Even before delving into assembly, there are code transformations that exist at a higher level.

static int const TIMES = 100000;

void calcuC(int *x, int *y, int length) {
  for (int i = 0; i < TIMES; i++) {
    for (int j = 0; j < length; j++) {
      x[j] += y[j];
    }
  }
}

can be transformed into via Loop Rotation:

static int const TIMES = 100000;

void calcuC(int *x, int *y, int length) {
    for (int j = 0; j < length; ++j) {
      for (int i = 0; i < TIMES; ++i) {
        x[j] += y[j];
      }
    }
}

which is much better as far as memory locality goes.

This could be optimizes further, doing a += b X times is equivalent to doing a += X * b so we get:

static int const TIMES = 100000;

void calcuC(int *x, int *y, int length) {
    for (int j = 0; j < length; ++j) {
      x[j] += TIMES * y[j];
    }
}

however it seems my favorite optimizer (LLVM) does not perform this transformation.

[edit] I found that the transformation is performed if we had the restrict qualifier to x and y. Indeed without this restriction, x[j] and y[j] could alias to the same location which makes this transformation erroneous. [end edit]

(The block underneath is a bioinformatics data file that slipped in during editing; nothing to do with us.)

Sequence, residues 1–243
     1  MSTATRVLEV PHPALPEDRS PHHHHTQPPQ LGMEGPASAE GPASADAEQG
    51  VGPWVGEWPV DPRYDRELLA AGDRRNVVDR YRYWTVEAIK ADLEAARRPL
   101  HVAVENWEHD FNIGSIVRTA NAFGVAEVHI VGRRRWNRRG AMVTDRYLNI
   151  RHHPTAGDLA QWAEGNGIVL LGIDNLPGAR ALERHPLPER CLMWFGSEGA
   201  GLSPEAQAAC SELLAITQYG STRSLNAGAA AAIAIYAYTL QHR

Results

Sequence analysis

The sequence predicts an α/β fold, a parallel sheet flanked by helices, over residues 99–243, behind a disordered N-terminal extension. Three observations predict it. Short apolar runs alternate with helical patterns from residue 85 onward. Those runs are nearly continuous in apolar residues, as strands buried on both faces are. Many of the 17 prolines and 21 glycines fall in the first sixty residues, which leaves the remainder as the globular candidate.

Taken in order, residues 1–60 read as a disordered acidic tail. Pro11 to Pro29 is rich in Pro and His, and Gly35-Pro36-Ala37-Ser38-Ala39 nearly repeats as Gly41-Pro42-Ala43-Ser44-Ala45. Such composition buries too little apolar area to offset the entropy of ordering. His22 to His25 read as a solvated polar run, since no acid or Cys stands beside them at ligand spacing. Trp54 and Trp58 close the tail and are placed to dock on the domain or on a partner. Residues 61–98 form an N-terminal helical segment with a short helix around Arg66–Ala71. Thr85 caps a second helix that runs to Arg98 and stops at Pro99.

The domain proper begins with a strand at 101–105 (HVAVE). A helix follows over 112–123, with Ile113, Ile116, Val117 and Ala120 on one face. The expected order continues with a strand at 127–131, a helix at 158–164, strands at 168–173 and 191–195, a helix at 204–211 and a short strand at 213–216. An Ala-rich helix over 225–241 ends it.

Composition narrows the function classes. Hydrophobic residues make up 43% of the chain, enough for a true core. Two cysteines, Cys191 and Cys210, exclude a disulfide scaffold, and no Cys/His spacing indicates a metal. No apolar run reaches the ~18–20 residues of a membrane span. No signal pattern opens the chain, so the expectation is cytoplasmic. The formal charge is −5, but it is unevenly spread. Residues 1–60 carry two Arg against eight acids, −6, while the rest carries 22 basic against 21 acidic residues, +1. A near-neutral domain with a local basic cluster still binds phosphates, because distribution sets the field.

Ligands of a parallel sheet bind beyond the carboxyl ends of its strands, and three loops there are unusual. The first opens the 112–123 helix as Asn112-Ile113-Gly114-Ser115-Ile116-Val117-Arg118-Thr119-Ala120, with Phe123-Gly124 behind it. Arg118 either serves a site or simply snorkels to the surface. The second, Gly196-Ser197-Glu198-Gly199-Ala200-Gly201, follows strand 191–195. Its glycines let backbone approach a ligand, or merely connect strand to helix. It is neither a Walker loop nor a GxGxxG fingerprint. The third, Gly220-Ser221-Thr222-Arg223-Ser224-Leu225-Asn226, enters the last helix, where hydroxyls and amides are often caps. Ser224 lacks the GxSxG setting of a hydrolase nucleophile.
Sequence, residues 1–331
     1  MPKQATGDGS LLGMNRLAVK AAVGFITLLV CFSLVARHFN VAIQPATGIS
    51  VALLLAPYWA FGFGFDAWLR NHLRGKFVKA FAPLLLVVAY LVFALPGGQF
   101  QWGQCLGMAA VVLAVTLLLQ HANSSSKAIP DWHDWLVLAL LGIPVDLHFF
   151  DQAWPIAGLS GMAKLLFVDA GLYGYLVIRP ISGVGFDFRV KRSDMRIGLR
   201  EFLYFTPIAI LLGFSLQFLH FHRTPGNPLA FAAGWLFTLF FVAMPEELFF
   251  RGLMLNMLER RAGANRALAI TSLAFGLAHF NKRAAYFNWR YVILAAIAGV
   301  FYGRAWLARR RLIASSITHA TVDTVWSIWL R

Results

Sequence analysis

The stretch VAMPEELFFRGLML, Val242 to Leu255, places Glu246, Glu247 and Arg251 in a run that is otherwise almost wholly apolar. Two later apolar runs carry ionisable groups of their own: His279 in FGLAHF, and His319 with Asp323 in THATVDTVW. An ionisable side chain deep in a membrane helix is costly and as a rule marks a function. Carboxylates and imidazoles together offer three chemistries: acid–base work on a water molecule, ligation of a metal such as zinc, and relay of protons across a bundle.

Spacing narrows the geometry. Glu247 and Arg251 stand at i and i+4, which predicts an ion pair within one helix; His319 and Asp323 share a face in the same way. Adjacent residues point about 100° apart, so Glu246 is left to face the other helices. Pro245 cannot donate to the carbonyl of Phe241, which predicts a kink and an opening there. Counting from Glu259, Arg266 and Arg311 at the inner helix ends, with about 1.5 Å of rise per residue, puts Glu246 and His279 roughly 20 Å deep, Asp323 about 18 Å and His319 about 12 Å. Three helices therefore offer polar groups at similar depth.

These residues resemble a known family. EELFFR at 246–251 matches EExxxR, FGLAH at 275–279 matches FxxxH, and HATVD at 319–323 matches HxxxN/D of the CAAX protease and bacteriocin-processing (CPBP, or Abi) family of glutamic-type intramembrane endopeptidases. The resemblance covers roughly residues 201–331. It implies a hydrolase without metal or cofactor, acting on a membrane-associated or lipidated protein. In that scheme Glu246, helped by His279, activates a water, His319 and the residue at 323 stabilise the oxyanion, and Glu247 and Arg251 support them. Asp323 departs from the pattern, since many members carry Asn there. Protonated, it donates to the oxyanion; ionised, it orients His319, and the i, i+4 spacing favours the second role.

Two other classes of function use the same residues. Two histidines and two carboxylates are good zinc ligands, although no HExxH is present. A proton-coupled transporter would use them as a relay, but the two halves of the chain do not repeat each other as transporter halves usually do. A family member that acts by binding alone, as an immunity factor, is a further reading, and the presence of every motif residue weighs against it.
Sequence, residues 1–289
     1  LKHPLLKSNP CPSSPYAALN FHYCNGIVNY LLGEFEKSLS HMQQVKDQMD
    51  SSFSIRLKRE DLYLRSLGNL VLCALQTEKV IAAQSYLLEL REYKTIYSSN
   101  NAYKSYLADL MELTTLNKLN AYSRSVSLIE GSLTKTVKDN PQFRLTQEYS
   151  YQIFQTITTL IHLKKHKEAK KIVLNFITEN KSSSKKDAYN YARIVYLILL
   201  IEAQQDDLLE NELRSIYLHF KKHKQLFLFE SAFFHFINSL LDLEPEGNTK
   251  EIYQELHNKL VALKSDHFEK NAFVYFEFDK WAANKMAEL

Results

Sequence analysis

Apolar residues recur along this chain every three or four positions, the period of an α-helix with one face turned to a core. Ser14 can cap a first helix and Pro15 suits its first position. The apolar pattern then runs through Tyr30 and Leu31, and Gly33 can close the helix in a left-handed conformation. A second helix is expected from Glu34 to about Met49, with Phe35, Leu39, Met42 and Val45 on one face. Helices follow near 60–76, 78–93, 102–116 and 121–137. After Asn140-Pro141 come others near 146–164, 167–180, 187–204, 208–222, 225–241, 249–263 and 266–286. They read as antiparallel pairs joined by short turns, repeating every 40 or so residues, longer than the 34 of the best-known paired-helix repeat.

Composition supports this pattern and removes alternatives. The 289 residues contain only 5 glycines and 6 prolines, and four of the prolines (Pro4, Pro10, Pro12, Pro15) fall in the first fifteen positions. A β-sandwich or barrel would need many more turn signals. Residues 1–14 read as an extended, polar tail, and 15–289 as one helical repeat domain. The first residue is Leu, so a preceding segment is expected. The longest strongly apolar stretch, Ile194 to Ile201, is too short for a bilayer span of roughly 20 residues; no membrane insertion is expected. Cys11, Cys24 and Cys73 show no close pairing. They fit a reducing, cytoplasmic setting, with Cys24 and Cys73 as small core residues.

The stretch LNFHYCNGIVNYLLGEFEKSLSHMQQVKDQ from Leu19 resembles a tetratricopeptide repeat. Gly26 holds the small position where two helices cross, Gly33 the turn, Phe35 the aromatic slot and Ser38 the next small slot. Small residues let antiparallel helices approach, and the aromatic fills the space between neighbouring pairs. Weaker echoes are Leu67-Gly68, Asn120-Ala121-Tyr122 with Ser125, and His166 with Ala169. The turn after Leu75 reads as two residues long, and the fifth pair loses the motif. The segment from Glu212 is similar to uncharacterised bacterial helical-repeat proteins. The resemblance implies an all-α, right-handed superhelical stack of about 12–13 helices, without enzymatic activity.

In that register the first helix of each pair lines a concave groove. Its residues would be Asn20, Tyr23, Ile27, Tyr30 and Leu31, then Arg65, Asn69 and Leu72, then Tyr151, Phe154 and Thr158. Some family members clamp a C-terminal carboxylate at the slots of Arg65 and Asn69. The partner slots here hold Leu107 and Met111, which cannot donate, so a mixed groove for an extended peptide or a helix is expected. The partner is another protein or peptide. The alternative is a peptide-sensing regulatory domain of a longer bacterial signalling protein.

Anyway, this is, I think, the optimized C version. Already it is much simpler. Based on this, here is my crack at ASM (I let Clang generate it, I am useless at it):

calcuAsm:                               # @calcuAsm
.Ltmp0:
    .cfi_startproc
# BB#0:
    testl   %edx, %edx
    jle .LBB0_2
    .align  16, 0x90
.LBB0_1:                                # %.lr.ph
                                        # =>This Inner Loop Header: Depth=1
    imull   $100000, (%rsi), %eax   # imm = 0x186A0
    addl    %eax, (%rdi)
    addq    $4, %rsi
    addq    $4, %rdi
    decl    %edx
    jne .LBB0_1